Next Saturday (31st May) I will be setting off to Denmark to carry out an experiment in the MARS simulator at the University of Aarhus.
Inside the gigantic red
planet sausage chamber, we will be able to change the pressure, temperature and humidity of the air to simulate the conditions in the upper atmosphere and stratosphere of Earth rather than Mars
My aim is to test a new type of combined thermometer and hygrometer.
There are at least two clever things about the new device
- The first clever thing is that it measures the temperature of the air without ‘touching’ it – it is a non-contact thermometer.
- It does this by measuring the speed of sound in a volume of relatively unperturbed air. From the speed of sound we can relatively directly infer the temperature.
- The second clever thing is that it simultaneously measures the humidity in the air, again without making contact with the air.
- It does this by shining a laser through the same volume of air. The frequency of the laser is adjusted so that exactly matches a frequency of molecular vibration in water molecules.
But inventing the device is not enough: every invention needs an acronym. So after playing with the acronym generator, I have baptised the device NCTAH (pronounced nectar) which stands for Non-Contact Thermometer And Hygrometer.
And why does it matter?
Measuring air temperature is difficult. For example at NPL we will happily calibrate a good thermometer with an uncertainty of around 0.001 °C, if it is to be used in contact with a liquid or solid. But when used in air we have to give an uncertainty more than 50 times larger!
And one place where the measurement of temperature and humidity is particularly important is when we try to determine how close a particular sample of air is to saturation. In other words when we ask:
“How close is a particular sample of air to forming water droplets or ice crystals?”.
This is the basic process of cloud formation in the atmosphere and it is extremely difficult to study. Assessing how close air is to saturation requires accurate measurement of both the amount of water present in the air and the temperature of the air.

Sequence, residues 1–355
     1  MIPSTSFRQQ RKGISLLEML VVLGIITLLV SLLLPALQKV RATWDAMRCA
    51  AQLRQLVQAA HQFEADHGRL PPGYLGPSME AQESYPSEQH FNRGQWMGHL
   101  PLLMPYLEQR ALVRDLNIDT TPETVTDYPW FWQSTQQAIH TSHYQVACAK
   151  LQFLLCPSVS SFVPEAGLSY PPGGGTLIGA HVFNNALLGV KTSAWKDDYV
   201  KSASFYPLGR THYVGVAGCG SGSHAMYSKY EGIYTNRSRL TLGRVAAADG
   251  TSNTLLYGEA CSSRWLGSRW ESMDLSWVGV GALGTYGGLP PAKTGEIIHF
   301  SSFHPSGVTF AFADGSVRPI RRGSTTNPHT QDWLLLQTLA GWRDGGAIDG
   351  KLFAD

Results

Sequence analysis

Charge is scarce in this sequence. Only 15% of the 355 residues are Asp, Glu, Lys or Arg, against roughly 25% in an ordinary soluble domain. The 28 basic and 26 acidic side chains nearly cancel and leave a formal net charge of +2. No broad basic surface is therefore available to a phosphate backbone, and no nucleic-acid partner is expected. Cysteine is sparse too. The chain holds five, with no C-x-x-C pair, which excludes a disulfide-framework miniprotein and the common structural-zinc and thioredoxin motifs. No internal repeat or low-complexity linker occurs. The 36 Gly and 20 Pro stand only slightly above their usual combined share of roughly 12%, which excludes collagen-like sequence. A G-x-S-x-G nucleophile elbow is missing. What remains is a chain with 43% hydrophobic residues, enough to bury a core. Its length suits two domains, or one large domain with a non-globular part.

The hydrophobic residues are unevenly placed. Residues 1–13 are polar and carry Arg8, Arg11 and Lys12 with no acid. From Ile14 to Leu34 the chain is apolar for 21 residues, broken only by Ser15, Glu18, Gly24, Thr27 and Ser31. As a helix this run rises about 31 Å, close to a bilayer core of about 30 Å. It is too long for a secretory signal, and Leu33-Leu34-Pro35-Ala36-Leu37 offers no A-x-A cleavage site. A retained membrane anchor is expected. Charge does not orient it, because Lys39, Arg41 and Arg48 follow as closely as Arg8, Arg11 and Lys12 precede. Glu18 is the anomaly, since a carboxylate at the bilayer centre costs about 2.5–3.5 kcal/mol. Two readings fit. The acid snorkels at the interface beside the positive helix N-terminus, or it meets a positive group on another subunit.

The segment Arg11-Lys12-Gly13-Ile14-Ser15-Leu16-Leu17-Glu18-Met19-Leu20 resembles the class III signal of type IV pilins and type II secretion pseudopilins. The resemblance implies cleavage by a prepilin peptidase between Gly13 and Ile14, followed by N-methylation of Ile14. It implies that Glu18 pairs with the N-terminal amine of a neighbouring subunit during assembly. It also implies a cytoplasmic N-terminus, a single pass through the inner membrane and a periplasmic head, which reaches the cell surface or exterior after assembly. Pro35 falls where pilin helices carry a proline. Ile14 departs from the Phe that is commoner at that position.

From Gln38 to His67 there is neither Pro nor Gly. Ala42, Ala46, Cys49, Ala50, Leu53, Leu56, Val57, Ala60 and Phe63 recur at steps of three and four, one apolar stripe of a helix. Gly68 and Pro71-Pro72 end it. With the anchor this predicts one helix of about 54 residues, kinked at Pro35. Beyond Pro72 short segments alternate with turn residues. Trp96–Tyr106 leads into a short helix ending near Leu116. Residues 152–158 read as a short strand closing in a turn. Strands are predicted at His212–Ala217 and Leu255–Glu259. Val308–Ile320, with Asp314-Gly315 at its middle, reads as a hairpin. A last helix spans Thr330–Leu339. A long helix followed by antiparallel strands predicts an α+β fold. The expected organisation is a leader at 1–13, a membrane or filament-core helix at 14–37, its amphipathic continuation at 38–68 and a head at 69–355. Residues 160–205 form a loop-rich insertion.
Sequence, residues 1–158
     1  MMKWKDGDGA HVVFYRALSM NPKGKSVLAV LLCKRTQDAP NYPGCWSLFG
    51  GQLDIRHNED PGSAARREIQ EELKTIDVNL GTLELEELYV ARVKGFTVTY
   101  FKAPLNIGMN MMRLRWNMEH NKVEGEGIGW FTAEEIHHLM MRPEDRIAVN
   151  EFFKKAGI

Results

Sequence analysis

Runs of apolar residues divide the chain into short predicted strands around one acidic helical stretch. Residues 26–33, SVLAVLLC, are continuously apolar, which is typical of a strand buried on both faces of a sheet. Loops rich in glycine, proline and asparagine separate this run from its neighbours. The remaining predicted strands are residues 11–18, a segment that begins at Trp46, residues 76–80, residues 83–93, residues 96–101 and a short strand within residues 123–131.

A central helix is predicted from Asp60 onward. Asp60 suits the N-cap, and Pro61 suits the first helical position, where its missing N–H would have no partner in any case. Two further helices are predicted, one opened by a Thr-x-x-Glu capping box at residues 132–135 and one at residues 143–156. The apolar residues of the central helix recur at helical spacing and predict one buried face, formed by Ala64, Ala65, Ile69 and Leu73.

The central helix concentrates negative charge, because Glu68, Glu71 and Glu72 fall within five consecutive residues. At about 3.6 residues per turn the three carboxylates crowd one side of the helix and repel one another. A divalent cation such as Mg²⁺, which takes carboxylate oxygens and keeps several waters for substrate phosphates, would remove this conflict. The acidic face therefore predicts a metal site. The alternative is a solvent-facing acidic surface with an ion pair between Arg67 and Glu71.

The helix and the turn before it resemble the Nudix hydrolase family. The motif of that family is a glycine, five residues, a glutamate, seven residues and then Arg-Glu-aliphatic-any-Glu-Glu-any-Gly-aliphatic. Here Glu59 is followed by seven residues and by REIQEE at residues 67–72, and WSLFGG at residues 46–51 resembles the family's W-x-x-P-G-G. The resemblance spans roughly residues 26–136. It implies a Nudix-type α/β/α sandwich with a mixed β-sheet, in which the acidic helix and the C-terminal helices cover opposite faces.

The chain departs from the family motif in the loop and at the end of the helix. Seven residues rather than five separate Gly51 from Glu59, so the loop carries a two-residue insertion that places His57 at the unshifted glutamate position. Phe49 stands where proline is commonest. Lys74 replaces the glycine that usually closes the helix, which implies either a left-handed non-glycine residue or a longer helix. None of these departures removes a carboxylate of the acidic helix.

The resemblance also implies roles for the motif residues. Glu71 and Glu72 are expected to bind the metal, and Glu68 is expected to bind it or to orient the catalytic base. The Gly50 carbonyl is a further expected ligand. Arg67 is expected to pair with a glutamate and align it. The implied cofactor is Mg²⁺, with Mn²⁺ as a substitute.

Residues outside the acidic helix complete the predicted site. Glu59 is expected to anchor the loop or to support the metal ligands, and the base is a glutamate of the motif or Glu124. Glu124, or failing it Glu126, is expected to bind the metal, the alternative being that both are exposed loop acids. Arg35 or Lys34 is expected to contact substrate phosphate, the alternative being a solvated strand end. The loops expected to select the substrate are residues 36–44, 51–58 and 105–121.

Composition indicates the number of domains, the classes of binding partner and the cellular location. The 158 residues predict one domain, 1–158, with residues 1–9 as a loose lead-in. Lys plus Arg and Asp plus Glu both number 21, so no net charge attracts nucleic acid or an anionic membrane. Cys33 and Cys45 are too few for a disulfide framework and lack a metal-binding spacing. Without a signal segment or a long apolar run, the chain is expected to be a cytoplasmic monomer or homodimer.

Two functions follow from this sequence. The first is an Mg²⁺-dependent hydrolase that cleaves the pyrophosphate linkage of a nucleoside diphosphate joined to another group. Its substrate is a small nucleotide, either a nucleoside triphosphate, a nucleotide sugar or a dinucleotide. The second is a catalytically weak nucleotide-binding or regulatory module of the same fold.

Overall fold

When conventional instruments ascend to the upper atmosphere (where it is very dry) from the lower atmosphere (where it is relatively wet) they carry up moisture with them which affects their slow-responding humidity sensors.
Additionally the temperature readings from contact thermometers frequently lag the true air temperature.
Both these effects make it difficult to know how close the air in the upper atmosphere and stratosphere is to saturation and our instrument could make a significant improvement.
Making it work.
Developing and testing this device has required experts from
- the Gas Analysis team (Tom Gardiner and Andrew Finlayson),
- the Humidity Team (Stephanie Bell and Jenny Wilkinson),
- and the Temperature team (Robin Underwood and myself).
We have tested the device at temperatures from -40 °C to + 40 °C at atmospheric pressure. And we have separately tested it at room temperature at a pressure of less then a twentieth of an atmosphere – equivalent to an altitude of about 25 km.
But the MARS chamber tests in Denmark will assess the whole instrument together at the extremes of its operating range.
The facility is expensive to hire, and the logistics of moving the experimental team and all the monitoring equipment to Denmark are challenging.
So I am excited – but nervous. I will try and let you know how it goes.
Who paid for this?
You did. The work is funded in part by the UK government and in part by the METEOMET project funded by the European Metrology Research Programme of the European Union.